Craftsmanship is huge for me. Doesn’t matter if it’s a “What-if” or a “Real world” build, a well-built model is always motivating. Some of the best model I’ve seen are ones that when you look at them, you can’t figure out what scale they are. I have seen 1/72 scale model with so much detail, you would think it is 1/48 or larger. Something else I love, is when someone takes a substandard kit and turns it into a thing of beauty. Like Cyrus Tan 1/48 Monogram F-14D Tomcat. If you have ever put together this kit, you know just how much work he put into his build. Also, I find inspiring is when someone kit bash or modify something that looks believable or turn it into something even more interesting like this, 1/18 Spitfire Mk. XIVe – Race #80 built by Peter aka “Airscale” over on Large Scale Plane forum. He started with HpH 1/18 Seafire FR47 which has fiberglass fuselage and resin detail bits. Then he converted it into a Spitfire Mk. XIVe and skinned with it in aluminum litho plate! The amount of time and work along with research that going into a project like this is absolutely astonishing. His work in progress thread is over 160 pages! But if you are like me and love model making, it is worth spending some time going through it.

He does truly mind-blowing and inspiring work. Which pushes me to try to do more with my models. To experiment with new techniques and materials. It sounds so cliche but thinking outside the box. To be outside of my comfort zone. With all of Passions, if I’m just doing that same thing, using my same techniques, I’m not growing.

Blogging, my newest Passion. 2018 is my second year of sharing with you all some of my thoughts. I posted more last year then this year. I’m still learning each time I post and I’m not sure what direction it is headed in. Yeah, I struggle with grammar and spelling. But I’m not going to let that stop me. I can’t, I enjoy sharing too much. So, what inspires me to write? My personal drive to be heard and to share my experiences that taught me something valuable. I have always liked the idea of passing on knowledge I have learn from other or from my own experiences. I’m still sorting out what it is going to be. Just like my photography, I’m looking for unique and personal experiences to share.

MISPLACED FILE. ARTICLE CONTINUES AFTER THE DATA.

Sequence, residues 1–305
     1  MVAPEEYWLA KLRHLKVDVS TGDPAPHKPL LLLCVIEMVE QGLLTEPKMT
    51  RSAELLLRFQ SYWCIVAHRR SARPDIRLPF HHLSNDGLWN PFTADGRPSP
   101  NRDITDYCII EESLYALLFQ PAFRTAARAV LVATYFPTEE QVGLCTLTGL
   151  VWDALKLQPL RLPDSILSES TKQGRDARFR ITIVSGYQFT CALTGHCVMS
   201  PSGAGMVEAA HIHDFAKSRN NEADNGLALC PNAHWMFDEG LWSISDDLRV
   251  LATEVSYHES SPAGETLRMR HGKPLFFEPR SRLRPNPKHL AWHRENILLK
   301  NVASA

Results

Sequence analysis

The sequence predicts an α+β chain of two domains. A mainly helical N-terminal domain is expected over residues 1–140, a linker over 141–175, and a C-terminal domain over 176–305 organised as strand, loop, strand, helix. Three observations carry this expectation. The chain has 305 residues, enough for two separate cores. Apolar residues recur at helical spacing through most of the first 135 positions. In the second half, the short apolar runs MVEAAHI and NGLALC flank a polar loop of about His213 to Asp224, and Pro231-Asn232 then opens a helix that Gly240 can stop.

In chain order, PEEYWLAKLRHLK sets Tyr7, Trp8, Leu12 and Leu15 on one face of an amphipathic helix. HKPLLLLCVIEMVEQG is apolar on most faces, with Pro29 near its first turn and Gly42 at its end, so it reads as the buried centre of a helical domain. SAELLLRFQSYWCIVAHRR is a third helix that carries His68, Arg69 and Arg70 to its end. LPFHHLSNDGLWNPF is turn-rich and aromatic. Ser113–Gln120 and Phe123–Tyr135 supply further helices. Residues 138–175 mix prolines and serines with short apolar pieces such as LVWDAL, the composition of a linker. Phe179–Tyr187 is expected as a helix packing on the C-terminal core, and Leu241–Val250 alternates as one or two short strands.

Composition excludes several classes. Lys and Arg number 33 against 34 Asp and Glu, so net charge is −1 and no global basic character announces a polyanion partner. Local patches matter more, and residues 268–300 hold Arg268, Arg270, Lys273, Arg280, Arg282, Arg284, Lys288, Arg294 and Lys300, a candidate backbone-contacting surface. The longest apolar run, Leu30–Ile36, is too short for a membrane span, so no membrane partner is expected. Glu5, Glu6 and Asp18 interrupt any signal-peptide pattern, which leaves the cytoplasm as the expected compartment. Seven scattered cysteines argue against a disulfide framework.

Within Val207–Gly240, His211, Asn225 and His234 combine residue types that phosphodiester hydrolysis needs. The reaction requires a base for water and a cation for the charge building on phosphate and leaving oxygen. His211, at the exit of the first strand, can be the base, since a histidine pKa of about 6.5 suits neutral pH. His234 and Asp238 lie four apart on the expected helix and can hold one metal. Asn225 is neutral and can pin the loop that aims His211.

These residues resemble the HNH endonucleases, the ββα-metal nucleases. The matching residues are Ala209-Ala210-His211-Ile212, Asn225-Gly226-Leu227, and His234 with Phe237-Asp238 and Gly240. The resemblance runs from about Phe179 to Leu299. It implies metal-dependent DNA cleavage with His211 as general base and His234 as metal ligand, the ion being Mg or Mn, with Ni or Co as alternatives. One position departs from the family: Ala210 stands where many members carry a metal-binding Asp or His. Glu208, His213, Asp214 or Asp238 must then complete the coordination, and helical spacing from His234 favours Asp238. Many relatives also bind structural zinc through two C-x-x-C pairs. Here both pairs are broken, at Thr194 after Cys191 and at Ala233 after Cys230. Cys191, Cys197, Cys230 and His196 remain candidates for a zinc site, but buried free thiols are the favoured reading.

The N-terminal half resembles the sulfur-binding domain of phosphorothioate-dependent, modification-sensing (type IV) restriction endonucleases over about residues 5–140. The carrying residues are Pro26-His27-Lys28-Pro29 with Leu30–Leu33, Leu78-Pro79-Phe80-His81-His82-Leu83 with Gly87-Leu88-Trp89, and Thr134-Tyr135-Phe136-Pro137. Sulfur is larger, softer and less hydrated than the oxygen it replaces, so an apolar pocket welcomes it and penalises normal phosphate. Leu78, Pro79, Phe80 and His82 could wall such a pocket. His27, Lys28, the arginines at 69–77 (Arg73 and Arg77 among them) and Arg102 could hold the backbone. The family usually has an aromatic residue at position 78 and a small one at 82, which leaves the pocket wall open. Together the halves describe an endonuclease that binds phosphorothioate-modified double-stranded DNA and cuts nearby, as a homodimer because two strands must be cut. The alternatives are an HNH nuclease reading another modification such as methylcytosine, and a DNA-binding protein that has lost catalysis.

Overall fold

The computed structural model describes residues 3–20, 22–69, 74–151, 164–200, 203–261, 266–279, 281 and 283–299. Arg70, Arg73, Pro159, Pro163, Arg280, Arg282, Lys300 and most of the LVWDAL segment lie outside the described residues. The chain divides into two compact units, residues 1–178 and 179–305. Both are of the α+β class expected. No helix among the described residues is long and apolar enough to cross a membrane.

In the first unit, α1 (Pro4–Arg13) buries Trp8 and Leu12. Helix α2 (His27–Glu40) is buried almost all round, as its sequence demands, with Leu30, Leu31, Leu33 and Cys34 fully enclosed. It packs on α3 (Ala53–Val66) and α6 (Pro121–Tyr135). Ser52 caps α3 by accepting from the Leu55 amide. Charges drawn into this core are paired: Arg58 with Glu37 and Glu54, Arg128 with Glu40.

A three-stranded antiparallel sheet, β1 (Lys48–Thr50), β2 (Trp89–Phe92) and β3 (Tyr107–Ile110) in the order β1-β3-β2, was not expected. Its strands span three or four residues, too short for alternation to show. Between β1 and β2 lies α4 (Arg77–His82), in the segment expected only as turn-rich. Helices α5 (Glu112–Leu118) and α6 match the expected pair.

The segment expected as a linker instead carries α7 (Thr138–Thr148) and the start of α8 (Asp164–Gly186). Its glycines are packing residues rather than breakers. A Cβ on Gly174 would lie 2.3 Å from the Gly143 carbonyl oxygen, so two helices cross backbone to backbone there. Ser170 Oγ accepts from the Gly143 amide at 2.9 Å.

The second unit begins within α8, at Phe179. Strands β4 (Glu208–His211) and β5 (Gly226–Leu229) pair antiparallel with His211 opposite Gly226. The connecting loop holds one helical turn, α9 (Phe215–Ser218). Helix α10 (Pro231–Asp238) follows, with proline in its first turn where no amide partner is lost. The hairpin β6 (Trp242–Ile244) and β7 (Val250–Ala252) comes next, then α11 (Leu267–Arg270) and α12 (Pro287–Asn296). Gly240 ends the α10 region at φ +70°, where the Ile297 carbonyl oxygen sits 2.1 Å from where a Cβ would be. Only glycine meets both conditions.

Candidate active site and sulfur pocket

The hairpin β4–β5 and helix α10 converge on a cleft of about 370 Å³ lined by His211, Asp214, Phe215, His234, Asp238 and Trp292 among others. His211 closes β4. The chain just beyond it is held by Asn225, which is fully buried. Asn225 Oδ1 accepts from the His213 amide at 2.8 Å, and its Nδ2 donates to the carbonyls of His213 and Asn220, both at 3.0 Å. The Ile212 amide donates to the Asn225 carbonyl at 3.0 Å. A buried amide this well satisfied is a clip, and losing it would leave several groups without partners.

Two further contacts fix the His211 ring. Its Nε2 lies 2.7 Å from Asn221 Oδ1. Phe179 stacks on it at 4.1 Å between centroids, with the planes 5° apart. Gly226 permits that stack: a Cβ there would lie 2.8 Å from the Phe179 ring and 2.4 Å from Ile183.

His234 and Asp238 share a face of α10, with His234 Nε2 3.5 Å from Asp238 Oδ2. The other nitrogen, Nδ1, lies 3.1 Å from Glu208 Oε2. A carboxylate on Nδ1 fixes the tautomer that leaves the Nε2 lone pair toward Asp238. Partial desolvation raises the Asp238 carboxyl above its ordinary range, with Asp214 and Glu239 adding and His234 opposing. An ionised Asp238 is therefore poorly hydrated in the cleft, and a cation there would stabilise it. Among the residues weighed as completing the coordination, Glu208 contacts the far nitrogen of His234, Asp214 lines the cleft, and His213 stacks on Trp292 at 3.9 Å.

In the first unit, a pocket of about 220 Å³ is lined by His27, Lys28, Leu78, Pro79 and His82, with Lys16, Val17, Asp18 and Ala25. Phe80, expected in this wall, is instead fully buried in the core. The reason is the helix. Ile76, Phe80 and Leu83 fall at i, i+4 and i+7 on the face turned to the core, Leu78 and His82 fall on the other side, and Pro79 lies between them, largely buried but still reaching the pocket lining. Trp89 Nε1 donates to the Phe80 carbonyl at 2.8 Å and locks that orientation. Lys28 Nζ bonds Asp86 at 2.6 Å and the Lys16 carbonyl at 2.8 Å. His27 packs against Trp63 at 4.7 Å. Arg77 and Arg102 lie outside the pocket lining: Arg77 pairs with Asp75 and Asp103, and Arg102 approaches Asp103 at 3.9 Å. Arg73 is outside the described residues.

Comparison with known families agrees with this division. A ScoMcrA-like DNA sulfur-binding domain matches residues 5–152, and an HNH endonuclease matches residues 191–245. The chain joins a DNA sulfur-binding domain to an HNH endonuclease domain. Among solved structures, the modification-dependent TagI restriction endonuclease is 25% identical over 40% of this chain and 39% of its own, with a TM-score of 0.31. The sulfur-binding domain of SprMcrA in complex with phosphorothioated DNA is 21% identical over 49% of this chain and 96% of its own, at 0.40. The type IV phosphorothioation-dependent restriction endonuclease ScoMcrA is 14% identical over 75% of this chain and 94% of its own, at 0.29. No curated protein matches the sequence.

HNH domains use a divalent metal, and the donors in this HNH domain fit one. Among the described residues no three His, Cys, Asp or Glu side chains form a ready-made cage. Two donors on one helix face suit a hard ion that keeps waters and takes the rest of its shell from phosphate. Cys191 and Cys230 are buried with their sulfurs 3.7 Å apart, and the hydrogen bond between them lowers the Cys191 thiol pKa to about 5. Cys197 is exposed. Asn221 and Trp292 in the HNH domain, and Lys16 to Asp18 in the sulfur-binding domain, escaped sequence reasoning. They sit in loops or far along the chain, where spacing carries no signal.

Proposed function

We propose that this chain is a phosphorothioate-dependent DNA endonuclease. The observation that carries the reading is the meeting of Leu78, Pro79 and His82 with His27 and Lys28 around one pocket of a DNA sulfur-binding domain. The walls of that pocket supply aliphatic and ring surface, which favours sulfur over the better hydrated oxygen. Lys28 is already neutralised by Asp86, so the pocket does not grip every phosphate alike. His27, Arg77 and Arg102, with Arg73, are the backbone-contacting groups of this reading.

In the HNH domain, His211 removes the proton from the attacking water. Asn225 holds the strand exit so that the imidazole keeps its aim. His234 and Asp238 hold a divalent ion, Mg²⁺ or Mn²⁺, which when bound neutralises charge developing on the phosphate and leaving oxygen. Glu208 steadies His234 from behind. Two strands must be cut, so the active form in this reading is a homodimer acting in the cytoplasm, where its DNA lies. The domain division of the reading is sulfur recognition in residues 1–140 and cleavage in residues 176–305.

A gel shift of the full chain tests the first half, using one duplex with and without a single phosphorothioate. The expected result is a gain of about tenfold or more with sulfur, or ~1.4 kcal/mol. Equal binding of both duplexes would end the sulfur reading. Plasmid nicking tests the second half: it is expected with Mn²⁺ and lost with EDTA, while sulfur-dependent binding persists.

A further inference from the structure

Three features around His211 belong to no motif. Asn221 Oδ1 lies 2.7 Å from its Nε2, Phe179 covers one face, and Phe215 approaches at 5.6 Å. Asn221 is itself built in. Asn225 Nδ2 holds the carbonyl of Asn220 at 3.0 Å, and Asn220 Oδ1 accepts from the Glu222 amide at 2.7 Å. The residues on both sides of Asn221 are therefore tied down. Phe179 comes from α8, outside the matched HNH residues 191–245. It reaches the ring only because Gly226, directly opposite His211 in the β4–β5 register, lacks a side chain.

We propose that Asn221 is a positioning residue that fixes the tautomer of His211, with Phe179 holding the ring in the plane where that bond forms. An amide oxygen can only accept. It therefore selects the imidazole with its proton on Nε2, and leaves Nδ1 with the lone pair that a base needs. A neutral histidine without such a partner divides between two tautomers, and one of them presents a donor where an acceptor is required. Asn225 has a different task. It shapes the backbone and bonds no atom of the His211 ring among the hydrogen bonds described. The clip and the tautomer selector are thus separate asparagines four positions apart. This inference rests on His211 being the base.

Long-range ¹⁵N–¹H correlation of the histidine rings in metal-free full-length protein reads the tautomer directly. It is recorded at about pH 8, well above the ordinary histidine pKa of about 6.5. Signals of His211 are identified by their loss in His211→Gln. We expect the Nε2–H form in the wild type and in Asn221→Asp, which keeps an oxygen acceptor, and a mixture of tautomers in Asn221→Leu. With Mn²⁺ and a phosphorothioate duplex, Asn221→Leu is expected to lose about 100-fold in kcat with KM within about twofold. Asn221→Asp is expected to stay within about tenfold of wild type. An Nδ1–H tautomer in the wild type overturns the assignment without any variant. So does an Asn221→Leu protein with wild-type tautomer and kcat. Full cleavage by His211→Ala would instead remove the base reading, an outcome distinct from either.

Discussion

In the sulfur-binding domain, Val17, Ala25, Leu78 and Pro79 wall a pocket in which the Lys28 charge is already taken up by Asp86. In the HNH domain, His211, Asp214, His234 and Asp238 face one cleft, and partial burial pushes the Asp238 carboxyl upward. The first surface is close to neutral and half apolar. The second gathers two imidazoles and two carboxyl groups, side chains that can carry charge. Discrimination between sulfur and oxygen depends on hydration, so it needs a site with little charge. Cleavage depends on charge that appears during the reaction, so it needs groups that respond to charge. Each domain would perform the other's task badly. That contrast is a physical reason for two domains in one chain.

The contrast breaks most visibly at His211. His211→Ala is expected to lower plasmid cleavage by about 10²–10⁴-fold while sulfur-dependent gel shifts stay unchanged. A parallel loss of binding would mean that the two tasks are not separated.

Blog image

I wanted to share my inspirational folders with you all, but I don’t feel it is right to share others images and work with out their permission. But my goal is to have my work fit into my inspiration folders. Not trying to match or copy someone else work but to have my work look as if it belongs in my inspiration folders, having the same flavor and feeling. To sum it up, I’m inspired by Photographers whose images can tell a story, Model makers not kit builders along with great Storytellers. What inspires you? Feel free to share in the comments below. If you like what you see and read here, click the “Like” button or start to follow my blog.

 

Until next time,

Steven

 

 

EAA AIRVENTURE OSHKOSH

Show 4, Post 2, Part 3: Saturday and Sunday

Day 4 at EAA Oshkosh

Saturday morning in the kitchen and there was Vincent and Chuck eating breakfast, talking about Vincent’s P-51 mustang Ride he got the day before. After a while the rest of the house had woken up and made their way into the kitchen. We all figured out what we were going do for the daily events. It being Saturday that means there is a night show after the daily show. Vincent and Peter were planning on staying for the night show, so they drove over together. Bonnie, Scott and I were planning to meet up with Craig, Gary and Gary in Warbird alley. There we were to try to find some re-enactors to pose for the group around various aircraft. Larry was going drop Scott and I off in warbird alley and we were going to meet back with him later.